Horns by Joe Hill

You've got horns, Harry!

You've got horns, Harry!

Our antihero, Ignatius ("Ig") Perrish, wakes after a night of his usual debauchery to find that he's sprouted horns. His new appendages come with a terrible--if sometimes terribly useful--ability to pull the truth out of all those he meets. As he continues his transformation into Devil, a murder mystery unfolds. Not so much a whodunnit, though, Horns is more of a why-does-anyone-do-anything, "what lies in the dark depths of man" novel. 

Joe Hill writes some mean, spell-binding prose. It's lyrical and reads fast because he sucks me right in. He does meander a bit, but at least when he does, he tells interesting back stories. I watched the movie first, and my terrible memory doesn't remember it that well, but I don't think that it even scratched the surface of Hill's novel.

Though well-rounded as far as variety of character and an ever-more-involving plot, I didn't find that Hill adequately explained why Ig turned into the Devil. Hill throws a lot of ideas at us, as if to cover up the fact that he can't explain it. I feel a bit bamboozled, but Horns is fun and exciting, with intensely interesting insights and turns-of-phrase. The story of what Lee does to his mother is cringe-worthy enough to win the Jack Ketchum Award.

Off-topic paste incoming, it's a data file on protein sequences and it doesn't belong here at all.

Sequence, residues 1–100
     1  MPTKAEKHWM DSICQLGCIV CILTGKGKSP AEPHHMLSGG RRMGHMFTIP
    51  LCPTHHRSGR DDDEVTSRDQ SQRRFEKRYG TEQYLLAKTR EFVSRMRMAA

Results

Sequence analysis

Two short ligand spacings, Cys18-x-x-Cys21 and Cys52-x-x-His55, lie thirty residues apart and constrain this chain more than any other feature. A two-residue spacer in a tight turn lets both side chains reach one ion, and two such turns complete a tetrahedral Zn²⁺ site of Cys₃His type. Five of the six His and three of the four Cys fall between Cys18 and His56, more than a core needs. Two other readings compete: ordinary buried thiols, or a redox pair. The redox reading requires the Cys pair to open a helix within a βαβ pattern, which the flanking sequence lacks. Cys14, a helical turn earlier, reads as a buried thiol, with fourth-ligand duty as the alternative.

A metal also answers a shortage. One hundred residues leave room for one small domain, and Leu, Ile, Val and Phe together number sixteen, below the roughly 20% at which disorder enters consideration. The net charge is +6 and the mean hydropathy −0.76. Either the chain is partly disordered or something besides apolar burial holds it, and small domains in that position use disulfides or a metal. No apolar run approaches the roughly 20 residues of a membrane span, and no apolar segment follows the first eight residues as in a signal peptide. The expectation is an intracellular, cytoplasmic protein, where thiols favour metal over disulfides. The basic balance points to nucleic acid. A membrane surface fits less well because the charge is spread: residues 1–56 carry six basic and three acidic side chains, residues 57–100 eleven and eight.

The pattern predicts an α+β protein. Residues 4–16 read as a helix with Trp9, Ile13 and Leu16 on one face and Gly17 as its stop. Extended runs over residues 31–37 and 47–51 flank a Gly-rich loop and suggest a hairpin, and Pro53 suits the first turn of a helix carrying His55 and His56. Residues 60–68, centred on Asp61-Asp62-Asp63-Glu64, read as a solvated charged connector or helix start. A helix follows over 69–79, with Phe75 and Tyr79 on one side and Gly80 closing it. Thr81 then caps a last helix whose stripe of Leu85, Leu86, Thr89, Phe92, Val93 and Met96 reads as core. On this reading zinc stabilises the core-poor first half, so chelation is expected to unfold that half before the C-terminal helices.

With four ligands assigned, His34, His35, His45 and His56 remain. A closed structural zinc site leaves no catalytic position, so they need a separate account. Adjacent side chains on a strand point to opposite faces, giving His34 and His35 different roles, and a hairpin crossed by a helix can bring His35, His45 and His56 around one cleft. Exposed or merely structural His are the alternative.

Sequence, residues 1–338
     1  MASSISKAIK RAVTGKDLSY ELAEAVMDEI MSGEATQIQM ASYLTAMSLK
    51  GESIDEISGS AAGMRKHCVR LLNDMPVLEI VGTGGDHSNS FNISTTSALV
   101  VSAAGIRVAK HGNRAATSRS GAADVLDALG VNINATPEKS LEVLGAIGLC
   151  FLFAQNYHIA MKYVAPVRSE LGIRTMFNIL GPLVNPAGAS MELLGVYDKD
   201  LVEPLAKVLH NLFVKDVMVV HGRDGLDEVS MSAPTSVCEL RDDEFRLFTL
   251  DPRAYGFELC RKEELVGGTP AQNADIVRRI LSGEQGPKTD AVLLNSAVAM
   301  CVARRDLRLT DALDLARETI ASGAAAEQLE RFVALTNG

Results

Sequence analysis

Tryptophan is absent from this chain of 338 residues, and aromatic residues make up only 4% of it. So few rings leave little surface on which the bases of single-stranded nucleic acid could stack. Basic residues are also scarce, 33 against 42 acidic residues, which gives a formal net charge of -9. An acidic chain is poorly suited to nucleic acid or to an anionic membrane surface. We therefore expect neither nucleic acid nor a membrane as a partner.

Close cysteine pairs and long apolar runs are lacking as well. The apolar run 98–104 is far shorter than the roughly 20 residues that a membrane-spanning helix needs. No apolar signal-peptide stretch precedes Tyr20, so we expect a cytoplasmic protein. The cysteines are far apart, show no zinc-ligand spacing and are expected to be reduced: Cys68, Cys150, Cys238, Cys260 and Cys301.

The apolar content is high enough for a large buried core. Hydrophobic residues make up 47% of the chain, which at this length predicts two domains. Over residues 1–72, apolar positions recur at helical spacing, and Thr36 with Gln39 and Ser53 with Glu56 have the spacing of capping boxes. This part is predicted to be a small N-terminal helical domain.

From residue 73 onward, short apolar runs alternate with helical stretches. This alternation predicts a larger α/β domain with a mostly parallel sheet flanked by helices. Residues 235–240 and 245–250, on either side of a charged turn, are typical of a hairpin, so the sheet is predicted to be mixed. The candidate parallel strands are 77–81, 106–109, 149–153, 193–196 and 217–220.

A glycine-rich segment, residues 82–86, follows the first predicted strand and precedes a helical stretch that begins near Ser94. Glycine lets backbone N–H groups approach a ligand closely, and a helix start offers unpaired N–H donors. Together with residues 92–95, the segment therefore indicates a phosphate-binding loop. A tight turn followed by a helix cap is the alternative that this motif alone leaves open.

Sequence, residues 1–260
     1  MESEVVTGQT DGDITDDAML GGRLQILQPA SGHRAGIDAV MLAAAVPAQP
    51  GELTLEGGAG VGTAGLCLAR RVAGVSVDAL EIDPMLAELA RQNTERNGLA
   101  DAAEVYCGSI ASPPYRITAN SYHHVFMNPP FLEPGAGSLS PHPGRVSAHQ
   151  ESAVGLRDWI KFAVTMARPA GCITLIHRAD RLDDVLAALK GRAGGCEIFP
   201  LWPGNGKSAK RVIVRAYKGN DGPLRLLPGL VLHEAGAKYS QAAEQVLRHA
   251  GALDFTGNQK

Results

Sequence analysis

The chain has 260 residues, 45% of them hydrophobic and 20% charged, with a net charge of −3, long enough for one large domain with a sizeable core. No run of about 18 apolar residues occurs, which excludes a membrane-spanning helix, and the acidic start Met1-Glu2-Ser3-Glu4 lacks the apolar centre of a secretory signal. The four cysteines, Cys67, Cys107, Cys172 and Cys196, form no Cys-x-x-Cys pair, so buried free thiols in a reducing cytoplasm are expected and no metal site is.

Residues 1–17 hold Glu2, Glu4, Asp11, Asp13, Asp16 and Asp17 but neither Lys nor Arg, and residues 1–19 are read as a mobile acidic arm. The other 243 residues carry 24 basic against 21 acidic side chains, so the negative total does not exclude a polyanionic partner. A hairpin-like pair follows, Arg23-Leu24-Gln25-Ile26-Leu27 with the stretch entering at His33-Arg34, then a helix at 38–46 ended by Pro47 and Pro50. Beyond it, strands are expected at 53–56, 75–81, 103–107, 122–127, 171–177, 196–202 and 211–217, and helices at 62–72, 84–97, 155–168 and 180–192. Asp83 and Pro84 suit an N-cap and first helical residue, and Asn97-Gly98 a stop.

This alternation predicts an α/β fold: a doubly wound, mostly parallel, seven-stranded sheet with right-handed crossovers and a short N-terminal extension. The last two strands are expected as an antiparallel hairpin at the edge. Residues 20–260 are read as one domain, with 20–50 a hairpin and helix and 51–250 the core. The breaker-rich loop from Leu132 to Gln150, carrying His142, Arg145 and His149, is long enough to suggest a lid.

I am going to mention that he has his dad's belligerent view of homosexuality. As in King's work, Hill uses homosexuality as a prank, a punishment, or some villainous trait. I've never thought that King meant anything by it--just an old-school Maine blind spot. But Joe Hill represents a new generation. To some of you this may seem like a non sequitur, but this is important to me. If he's going to write about it, why does he think it needs to be some nasty secret?

Overall, a good read. Four Dweller Heads!

Review by Michael Schutz

 

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Michael Schutz

Michael Schutz was born and raised in the frozen tundra of Wisconsin, where the macabre tales of Ray Bradbury and Stephen King kept him warm at night. He’s seen way too many horror movies to be healthy and blogs and podcasts about them on Darkness Dwells. Watch for his new novel, Edging, from Burning Willow Press in spring 2017. He is the author of the novel Blood Vengeance and the novella Uninoch. His short fiction has been featured most recently in Dark Moon Digest, Sanitarium, and the anthologies Beasts: Revelations, Beyond the Nightlight, and Cranial Leakage: Tales from the Grinning Skull. He lives with his three naughty cat-children in northern California.